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South African
Wine Lab Association:

Effect of Irrigation with Diluted Winery Wastewater on the Performance of Two Grass Cover Crops in Vineyards

J.C.Fourie1*, H. Theron2, C.H. Ochse1

Pennisetum glaucum L. cv. Babala (pearl millet) established as a summer catch crop followed by Avena
sativa L. cv Palinup (oats) established as a winter catch crop were irrigated with winery wastewater
diluted to eight chemical oxygen demand (COD) levels ranging between 100 mg/L and 3 000 mg/L. The
diluted wastewater treatments were compared to irrigation with river water. The dry matter production
(DMP) of oats, if not preceded by pearl millet, tended to improve when irrigated with winery wastewater.
Growth of pearl millet peaked during the period when 91% of the diluted winery wastewater was applied.
Winery wastewater improved the DMP of pearl millet. No trends were observed in the nutrient levels of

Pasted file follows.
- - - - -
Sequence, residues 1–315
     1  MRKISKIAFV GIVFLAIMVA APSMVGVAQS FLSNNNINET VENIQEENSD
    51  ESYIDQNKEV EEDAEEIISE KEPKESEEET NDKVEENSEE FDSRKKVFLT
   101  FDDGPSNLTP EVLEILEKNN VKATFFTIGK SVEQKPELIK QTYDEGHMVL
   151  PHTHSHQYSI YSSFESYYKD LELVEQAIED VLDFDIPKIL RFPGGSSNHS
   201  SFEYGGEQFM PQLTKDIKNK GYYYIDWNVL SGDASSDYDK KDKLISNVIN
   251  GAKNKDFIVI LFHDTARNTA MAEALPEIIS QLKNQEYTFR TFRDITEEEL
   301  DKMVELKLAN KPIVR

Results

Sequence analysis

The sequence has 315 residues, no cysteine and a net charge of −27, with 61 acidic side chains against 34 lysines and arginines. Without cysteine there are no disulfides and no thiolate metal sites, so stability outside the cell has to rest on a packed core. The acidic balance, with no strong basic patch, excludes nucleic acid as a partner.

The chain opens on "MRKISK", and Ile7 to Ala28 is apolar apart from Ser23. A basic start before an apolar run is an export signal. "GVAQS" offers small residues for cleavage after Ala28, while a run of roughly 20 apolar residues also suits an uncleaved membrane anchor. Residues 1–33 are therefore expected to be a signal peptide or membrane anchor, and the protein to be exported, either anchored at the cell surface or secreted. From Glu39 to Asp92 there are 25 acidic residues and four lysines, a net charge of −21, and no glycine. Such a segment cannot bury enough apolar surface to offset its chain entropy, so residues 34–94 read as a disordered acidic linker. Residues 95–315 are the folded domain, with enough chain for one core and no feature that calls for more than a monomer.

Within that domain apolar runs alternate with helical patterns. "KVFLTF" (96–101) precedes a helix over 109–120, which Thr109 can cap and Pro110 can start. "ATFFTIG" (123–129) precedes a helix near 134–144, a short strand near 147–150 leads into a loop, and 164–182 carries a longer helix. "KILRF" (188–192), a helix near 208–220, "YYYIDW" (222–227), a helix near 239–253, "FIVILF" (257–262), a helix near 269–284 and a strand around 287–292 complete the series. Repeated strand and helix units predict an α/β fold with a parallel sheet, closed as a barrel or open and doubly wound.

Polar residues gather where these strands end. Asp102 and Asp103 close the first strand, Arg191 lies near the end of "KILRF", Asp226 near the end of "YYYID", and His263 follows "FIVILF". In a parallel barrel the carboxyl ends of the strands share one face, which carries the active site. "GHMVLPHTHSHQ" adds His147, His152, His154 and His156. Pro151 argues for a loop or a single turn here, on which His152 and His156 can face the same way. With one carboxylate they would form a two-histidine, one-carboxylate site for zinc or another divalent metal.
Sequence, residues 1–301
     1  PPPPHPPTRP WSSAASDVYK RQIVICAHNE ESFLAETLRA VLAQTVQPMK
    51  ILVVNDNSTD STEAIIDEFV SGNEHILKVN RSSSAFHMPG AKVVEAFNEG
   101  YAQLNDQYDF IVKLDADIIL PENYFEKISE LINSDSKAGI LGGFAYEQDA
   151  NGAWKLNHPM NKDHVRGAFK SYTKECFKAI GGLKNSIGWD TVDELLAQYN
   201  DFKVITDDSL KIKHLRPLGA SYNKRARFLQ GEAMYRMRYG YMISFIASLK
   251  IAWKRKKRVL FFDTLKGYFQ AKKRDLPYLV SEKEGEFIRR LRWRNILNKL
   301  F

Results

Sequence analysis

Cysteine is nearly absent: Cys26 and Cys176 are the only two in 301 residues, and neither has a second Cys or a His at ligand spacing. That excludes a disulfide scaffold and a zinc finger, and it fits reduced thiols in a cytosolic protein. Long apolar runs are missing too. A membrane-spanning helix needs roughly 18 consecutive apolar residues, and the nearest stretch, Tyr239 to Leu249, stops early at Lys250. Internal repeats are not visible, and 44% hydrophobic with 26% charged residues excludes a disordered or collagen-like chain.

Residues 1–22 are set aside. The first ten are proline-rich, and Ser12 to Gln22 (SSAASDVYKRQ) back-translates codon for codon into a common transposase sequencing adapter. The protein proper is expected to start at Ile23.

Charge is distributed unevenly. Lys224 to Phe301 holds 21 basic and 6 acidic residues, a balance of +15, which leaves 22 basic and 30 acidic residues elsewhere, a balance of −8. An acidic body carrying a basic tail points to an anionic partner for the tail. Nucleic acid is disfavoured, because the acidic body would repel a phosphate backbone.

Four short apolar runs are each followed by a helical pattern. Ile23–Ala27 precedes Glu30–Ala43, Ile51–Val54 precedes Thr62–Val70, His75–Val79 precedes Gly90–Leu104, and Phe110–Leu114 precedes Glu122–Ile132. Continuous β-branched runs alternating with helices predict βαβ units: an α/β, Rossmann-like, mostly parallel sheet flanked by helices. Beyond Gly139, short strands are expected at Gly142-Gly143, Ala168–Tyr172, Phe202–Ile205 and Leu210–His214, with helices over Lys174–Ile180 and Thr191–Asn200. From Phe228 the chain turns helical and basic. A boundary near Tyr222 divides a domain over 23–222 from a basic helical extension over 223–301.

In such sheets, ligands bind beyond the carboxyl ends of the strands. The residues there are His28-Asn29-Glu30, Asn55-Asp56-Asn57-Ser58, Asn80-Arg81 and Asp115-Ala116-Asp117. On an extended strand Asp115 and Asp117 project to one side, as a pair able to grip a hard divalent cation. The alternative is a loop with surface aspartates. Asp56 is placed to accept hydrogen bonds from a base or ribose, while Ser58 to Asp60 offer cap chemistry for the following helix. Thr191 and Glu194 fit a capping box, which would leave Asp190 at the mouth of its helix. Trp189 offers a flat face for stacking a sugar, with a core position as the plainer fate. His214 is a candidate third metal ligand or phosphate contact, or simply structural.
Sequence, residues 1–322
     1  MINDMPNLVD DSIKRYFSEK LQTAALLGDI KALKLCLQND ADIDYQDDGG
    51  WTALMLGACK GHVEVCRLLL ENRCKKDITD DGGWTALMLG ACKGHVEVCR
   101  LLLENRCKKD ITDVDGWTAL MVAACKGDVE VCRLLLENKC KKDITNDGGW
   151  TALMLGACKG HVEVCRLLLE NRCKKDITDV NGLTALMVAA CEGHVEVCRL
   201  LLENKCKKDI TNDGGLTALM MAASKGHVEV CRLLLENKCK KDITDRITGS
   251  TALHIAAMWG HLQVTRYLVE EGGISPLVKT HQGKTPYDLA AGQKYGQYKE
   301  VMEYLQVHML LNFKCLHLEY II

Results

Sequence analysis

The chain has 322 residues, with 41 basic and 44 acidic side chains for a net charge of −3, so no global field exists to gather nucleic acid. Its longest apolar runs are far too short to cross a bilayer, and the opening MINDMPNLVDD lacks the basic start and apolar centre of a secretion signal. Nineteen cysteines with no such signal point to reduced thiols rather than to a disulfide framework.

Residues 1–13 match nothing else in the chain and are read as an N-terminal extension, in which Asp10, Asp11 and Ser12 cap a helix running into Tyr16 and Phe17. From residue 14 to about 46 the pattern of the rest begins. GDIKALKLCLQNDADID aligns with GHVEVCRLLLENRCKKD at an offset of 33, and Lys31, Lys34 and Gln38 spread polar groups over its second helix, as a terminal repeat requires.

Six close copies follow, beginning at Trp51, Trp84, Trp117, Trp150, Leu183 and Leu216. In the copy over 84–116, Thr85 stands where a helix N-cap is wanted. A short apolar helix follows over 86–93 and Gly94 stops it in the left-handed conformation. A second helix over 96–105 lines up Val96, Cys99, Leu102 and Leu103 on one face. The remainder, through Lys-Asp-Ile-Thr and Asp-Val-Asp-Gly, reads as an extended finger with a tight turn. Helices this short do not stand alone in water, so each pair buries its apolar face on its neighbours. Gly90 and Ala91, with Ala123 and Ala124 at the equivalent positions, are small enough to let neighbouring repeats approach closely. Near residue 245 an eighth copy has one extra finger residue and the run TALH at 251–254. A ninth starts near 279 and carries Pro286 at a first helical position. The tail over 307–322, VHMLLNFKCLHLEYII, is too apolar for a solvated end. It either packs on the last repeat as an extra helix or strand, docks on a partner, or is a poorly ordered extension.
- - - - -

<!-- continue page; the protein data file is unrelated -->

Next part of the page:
the above-ground growth of the two interception crops. However, Na levels increased over time. Using
both species, too high levels of macro-nutrients were intercepted, but insignificant amounts of Na were
removed. Irrigation with winery wastewater with COD levels between 1 500 mg/L and 2 500 mg/L may
be sustainable if only pearl millet is employed as an interception crop. Fertiliser needed to maintain the
nutrient balance in the soil resulted in an additional cost of approximately R2 800/ha/yr. However, the
fodder may provide an income in excess of R15 000/ha/yr.

Chemical oxygen demand, cellar effluent, catch crops, interception crops, cover crops, grapevine, soil cultivation

Full article

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